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Can Arizona win a title without Brandon Ashley? Absolutely

Arizona will miss Brandon Ashley's presence, but his injury may not be a death knell for UA.
Arizona will miss Brandon Ashley's presence, but his injury may not be a death knell for UA. (USATSI)

I feel terrible for Brandon Ashley, who will miss the remainder of the season with an injured foot suffered in Arizona's 60-58 loss to Cal on Saturday night.

Ashley was in my estimation the Wildcats' most versatile big man, and though some do not like his motor, his vast amount of skill is virtually unmatched in a player his size (6-foot-8, 230 pounds) in college basketball. His 12 points and six boards a game will be missed.

But can Arizona still win a national championship? In a word, yes.

On a poor shooting night for Nick Johnson (1 of 14), in a game where Ashley was injured two minutes in, Arizona compensated by shooting 16-for-16 from the line and nearly won on the road.

Their bench will be short going forward, but Rondae Hollis-Jefferson can play both small and power forward, and frankly Aaron Gordon has a chance for mistmatches galore when he slides to the center spot, sort of like Derrick Williams was able to last time Arizona made a run to the Elite Eight.

Ashley's loss hurts, and Arizona lacks the shooting and now the depth to be called a favorite going into March, but this is still a very good, very dangerous team.

...and as for Cal

Justin Cobbs scored Cal's final 12 points, including the game-winner, but finished with only 19 on the night. So how were the Golden Bears able to stay in the game until then?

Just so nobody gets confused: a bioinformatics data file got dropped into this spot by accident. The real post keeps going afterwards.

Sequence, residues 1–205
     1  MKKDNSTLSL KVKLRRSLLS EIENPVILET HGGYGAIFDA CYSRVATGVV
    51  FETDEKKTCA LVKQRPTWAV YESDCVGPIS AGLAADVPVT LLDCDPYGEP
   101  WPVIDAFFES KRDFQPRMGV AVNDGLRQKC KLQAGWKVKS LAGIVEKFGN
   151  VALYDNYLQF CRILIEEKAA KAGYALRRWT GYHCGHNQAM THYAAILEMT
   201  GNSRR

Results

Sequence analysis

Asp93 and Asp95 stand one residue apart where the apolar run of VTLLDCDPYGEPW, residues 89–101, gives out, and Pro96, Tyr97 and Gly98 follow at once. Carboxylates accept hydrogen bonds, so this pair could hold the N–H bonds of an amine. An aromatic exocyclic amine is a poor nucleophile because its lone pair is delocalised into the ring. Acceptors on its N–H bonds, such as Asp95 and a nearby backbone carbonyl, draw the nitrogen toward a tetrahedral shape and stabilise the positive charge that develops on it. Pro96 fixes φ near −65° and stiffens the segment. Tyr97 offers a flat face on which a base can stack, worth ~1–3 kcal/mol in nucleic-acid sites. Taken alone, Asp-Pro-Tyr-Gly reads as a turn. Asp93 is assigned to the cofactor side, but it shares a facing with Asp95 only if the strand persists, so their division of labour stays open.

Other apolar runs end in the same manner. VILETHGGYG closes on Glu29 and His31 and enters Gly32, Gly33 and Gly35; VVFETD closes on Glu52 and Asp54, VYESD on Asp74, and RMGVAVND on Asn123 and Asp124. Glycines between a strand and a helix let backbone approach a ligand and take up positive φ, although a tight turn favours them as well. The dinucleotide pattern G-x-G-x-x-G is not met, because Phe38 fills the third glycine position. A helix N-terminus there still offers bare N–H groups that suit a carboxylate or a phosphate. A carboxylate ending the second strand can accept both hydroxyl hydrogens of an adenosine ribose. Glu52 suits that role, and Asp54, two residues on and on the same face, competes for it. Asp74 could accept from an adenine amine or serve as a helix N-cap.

Cal went inside to their big man tandem of Richard Solomon (12 points, 7 rebounds) and David Kravish (14 points, 11 rebounds). Solomon has really improved and Kravish is 15-20 pounds from being an NBA-caliber big man (Solomon is likely to be a second-rounder if he keeps improving).

Arizona plays behind the post, and the Wildcats might reconsider that tactic against other teams with low-post talent because it puts their bigs in 1-on-1s where they could get into foul trouble.

We'll see if Cal -- which had lost three straight going into the Arizona game -- can keep its foot on the pedal when it hosts Stanford Wednesday night.

Baylor's Franklin emerging ... finally

Speaking of Cal, once upon a time Gary Franklin was a star recruit with a seemingly bright future in Berkeley. Then, when he was leading the team in shots just nine games into his freshman year, he left to be a point guard at Baylor. But Franklin was stuck behind Pierre Jackson for two seasons, and this year he could not beat out Kenny Cherry for the starting point guard spot. But a funny thing happened Saturday in Stillwater … opportunity.

Cherry, who frankly has looked like a mid-major guard and been exposed a bit in Big 12 play, missed the Oklahoma State game with a toe injury and Franklin got his chance. He took advantage to the tune of 11 points, five assists and three steals in a 76-60 upset of the eighth-ranked Cowboys.

Franklin really should be the starter for Baylor heading forward. He's not a true point, but what he is as a player was on display at Gallagher-Iba Arena, in the Bears' biggest conference win to date -- a huge shot maker. Franklin made living in AAU and high school ball (Mater Dei) out of taking and making the biggest of shots.

There are times in which he is too right-handed and will make a bad decision or two, but considering his IQ (basketball and otherwise, it's very high), his experience and his shot-making ability, I think his strengths outweigh his flaws. The great lesson to college players everywhere is to stay ready, the season is long and when you get your shot, take and make it.

What's wrong with the Pokes?

The Baylor loss was the third defeat in four games for OSU, exposing some issues for a Cowboys team that started the year at 15-2.